IMF-Pakistan deal

Written by Afifa Iqbal 7:58 pm Articles, Current Affairs, Pakistan, Published Content

The IMF-Pakistan Deal: Unpacking Pakistan’s Economic Realities

Afifa Iqbal highlights the economic challenges facing ordinary Pakistanis amidst the country’s recent IMF deal. Pakistan’s economy is in crisis, with soaring inflation rates and hardships for its citizens. The priorities of the political leadership have only made matters worse. The IMF’s conditions for the deal include fiscal austerity measures that prioritize debt servicing over public and development spending, leading to potential hardships for the people. Additionally, the policy targeting disinflation could result in increased borrowing expenses and unemployment.
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Ms Afifa Iqbal has a keen interest in identity politics, colonialism and post-colonial development. She is currently working as a Research Assistant at ITU while pursuing her postgraduate studies in Development, Technology and Policy. She is a Gold Medalist in Political Science from the University of Punjab.

“Life is a dream for the wise, a game for the fool, a comedy for the rich, a tragedy for the poor.” — Sholom Aleichem                    

The tragedy of an ordinary Pakistani’s life defies verbal expression because those at the helm of affairs have been playing recklessly with the economy. For them, the economy, and consequently the lives of millions of Pakistanis, are nothing more than a game and a comedy. To understand the gravity of the situation, consider the following statistics from the Inflation Monitor, published by the State Bank of Pakistan for April 2023:

“National CPI Inflation on a year-on-year (YoY) basis increased to 36.4 percent in April 2023 from 35.4 percent in the previous month. It stood at 13.4 percent in the corresponding month of last year.”

Even without the statistics, the gravity of the economic crisis is obvious enough to anyone navigating the aisles for grocery essentials; for the ordinary Pakistani, mere existence has turned into a Sisyphean task. So, when will—in case it ever does—the lingering shadow of the Ides of March finally recede? To answer this, let’s retrospectively look at the recent International Monetary Fund (IMF) deal and the many misadventures that characterized its materialization.

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The IMF-Pakistan Deal: A Tale of Could’ve, Would’ve, & Should’ve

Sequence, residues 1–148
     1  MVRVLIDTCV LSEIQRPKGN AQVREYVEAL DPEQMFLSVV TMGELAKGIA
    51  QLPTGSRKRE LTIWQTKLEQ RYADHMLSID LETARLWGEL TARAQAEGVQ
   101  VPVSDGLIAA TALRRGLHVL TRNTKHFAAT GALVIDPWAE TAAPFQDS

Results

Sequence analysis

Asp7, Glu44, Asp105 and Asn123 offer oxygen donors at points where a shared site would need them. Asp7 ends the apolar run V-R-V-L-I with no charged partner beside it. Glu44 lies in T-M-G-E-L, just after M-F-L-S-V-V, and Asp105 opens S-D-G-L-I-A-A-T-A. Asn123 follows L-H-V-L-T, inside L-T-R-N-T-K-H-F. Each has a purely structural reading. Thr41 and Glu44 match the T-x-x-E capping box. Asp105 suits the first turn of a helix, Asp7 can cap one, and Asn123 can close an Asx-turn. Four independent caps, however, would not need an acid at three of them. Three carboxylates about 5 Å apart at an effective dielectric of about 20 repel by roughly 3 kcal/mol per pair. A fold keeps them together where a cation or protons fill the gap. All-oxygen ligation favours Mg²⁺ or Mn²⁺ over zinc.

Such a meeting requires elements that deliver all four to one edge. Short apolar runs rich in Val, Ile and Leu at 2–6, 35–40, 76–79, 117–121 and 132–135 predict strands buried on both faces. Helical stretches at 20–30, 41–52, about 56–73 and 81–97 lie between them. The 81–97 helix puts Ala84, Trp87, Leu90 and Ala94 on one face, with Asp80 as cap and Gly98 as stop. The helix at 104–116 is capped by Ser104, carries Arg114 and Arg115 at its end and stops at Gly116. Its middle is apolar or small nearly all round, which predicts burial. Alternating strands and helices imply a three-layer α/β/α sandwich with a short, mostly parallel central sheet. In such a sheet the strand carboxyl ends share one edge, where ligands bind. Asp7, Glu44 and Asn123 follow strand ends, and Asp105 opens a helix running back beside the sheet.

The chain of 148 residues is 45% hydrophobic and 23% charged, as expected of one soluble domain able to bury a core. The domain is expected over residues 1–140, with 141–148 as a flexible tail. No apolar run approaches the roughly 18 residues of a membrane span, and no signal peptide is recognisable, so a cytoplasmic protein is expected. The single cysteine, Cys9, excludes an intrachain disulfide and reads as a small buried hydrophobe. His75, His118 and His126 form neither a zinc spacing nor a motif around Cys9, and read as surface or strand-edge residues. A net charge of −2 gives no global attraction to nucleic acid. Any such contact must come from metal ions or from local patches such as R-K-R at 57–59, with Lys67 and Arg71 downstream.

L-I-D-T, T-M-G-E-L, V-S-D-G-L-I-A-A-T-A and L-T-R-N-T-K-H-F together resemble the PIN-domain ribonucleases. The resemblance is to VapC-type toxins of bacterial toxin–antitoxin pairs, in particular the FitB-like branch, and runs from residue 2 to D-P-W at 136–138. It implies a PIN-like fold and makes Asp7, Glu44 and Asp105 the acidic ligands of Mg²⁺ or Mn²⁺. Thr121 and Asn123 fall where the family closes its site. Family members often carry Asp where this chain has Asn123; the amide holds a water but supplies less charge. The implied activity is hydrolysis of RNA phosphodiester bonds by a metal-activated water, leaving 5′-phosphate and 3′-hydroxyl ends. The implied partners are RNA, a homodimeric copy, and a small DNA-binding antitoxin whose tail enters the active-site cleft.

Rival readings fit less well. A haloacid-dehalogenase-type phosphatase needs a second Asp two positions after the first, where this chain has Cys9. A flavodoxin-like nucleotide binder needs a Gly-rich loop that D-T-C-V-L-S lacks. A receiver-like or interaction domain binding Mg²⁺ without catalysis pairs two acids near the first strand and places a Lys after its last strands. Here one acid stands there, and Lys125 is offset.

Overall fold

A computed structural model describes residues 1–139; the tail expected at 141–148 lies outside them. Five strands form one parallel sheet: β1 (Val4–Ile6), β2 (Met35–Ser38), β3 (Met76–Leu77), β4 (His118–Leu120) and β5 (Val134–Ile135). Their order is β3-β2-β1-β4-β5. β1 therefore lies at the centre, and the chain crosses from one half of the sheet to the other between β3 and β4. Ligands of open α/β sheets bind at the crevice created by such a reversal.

On July 12, 2023, the IMF announced that its executive board had approved a “US$3 billion stand-by arrangement for Pakistan.” Kristalina Georgieva, the managing director of the fund, issued the following statement after concluding the IMF-Pakistan stand-deal:

Pakistan’s economy was hit hard by significant shocks last year, notably the spillovers from the severe impacts of floods, the large volatility in commodity prices, and the tightening of external and domestic financing conditions. These factors together with uneven policy implementation under the EFF combined to halt the post-pandemic recovery, sharply increased inflation, and significantly depleted internal and external buffers. The authorities’ new stand-by arrangement, implemented faithfully, offers Pakistan an opportunity to regain macroeconomic stability and address these imbalances through consistent policy implementation.”

Another significant detail to glean from the IMF’s official statement is that only an initial disbursement of US$1.2 billion was slated for immediate release, while the remaining funds were earmarked for subsequent disbursement in two stages, contingent upon the outcomes of two quarterly reviews. Put bluntly, Pakistan must adhere to the IMF’s conditions to secure access to the remaining US$1.8 billion and a replay of non-compliance with the 2019 agreement should not be in the cards. 

Let us now take a bird’s-eye view of the stipulated “conditions” presented by the IMF-Pakistan deal. According to the IMF’s official statement, the “SBA-supported program” would prioritize “implementation of the FY24 budget to facilitate Pakistan’s needed fiscal adjustment and ensure debt sustainability, while protecting critical social spending.” In simpler terms, this implies that debt servicing would be prioritized through spending cuts, wherein the “protected interests” would remain untouched while public and development spending would be getting the axe. Two cheers already for the pro-people nature of this program, and the powers that are spearheading the implementation of this program.